The carving of flutes of the Northwest Coast extends back historically through time. The dramatic importance of the flute was indicated by the variety of specialized whistles, each of which was produced to make specific tones. Songs and dances were part fo all ceremony and ritual, a fundamental element of the inherited privilege. Equally important were the many whistles and other musical instruments that were specifically designated for most dances. Wooden whistles of one, two or three shafts, each with several holes and reeds produced a strong and clear note. Flutes and whistles were traditionally blown in the woods to introduce the cermonial season. Every instrument was the object of time, skill and concern and was considered by those who owned it as a necessary part of the family’s collection
Sterling Silver, Argillite, Abalone shell, Mastodon Ivory, Repousse, Engraved
This piece opens to reveal an inner box with relief engraving that echos the outer lid.
Traditionally, boxes were considered prized possessions and customarily used to store wealth or special ceremonial objects such as masks, rattles, clothing and adornments. People often gave names to these beautiful ornate boxes, told stories about their histories and treated them as family heirlooms. However, non-decorated boxes acted as instruments of life – from storing less precious articles, to food and later used for mortuary purposes. In Haida mythology, a stack of boxes contained the essence from which Raven created the world.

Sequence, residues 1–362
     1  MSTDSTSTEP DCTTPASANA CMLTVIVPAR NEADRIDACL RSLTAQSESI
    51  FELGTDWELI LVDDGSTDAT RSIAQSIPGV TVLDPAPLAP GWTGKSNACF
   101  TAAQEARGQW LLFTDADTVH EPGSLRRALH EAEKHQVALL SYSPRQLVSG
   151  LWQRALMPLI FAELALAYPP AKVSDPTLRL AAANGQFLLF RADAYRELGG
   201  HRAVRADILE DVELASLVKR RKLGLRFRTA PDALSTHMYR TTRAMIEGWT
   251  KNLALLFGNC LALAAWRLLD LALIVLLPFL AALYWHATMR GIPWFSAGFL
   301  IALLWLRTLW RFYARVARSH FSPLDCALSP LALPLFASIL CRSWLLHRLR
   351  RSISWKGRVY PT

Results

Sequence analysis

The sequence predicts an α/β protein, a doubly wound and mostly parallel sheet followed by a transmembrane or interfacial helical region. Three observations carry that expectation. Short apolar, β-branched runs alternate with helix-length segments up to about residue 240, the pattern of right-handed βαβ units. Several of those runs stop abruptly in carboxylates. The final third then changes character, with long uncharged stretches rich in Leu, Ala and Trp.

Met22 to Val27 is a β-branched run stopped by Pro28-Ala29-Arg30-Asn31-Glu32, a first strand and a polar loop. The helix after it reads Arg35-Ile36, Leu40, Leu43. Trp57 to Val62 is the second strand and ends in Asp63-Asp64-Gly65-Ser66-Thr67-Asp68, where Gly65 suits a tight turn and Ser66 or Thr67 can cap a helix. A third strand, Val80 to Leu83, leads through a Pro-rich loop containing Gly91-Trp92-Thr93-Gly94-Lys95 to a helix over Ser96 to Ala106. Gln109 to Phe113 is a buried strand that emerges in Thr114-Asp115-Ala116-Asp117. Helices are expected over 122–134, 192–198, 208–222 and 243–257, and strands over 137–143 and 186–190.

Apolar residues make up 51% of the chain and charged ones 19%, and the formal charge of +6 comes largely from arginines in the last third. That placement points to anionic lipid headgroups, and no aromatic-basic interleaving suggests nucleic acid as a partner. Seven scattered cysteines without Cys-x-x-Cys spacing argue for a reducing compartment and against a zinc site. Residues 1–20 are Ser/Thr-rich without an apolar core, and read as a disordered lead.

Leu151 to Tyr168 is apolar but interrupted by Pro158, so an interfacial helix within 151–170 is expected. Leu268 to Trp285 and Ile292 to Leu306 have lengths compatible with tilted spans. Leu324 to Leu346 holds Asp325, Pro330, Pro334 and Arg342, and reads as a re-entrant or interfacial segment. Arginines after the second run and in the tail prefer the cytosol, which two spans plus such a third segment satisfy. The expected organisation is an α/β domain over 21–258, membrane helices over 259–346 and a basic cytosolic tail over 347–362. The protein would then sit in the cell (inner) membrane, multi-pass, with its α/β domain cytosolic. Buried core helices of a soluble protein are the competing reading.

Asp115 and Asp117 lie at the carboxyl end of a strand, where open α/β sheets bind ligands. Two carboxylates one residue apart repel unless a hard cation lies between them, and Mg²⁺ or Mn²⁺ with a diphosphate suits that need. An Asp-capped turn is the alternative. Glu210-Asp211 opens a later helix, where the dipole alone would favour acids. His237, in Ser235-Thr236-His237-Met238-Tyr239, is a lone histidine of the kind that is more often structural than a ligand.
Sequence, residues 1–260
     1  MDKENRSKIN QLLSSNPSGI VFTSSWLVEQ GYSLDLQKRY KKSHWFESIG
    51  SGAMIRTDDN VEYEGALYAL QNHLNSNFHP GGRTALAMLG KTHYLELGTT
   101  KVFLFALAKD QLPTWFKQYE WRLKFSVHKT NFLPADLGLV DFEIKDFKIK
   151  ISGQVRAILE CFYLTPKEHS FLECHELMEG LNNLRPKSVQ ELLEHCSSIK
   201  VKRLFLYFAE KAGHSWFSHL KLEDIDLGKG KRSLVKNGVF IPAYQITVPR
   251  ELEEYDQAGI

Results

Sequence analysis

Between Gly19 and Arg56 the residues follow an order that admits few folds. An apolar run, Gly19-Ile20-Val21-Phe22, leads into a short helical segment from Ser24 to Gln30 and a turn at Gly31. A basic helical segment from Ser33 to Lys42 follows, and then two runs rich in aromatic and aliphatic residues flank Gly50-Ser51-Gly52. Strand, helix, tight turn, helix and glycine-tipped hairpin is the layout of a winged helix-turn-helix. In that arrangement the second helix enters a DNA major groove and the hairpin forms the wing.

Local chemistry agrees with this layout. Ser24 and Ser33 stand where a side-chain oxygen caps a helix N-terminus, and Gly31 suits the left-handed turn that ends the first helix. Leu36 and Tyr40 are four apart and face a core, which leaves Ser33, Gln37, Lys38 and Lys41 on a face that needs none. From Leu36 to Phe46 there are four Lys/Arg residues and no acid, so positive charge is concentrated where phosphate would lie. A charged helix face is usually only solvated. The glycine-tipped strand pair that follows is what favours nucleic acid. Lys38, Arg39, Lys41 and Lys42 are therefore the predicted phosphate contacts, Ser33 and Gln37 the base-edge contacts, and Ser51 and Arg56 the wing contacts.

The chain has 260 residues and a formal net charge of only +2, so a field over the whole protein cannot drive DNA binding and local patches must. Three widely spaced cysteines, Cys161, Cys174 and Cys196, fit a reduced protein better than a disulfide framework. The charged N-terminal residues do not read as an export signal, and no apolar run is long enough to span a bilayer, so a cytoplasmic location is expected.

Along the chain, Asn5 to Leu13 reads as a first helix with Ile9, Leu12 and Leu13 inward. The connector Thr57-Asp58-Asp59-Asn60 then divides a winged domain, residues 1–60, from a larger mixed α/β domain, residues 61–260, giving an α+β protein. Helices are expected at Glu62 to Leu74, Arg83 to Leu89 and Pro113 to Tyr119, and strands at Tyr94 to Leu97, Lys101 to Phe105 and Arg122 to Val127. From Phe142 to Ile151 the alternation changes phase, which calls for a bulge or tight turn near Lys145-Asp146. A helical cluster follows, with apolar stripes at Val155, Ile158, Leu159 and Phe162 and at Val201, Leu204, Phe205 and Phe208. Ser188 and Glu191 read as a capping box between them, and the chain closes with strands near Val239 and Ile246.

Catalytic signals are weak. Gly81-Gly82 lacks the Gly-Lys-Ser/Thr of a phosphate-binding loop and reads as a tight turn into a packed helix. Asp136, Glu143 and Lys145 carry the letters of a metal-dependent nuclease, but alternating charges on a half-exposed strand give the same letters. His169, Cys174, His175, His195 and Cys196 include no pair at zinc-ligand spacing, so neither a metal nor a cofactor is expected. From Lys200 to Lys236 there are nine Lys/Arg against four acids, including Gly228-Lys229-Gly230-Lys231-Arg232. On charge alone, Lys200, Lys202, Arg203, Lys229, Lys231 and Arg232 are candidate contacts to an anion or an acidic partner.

Eagle, Dogfish, Beaver and Frog Box retains its traditional elements through conception and imagery. Derek exhibits his mastery in his precision of line and perfect symmetry of the formline of this treasure. The gently angled lid with Abalone inlay, as well as the engraved and incised elements on the box is suggestive of the prototypic bent cornered wooden boxes and chests.
The box contains not only depictions of four important crest animals, but connects to past traditions in which a box held more than the material object, it also linked people to their heritage, lineage and each other.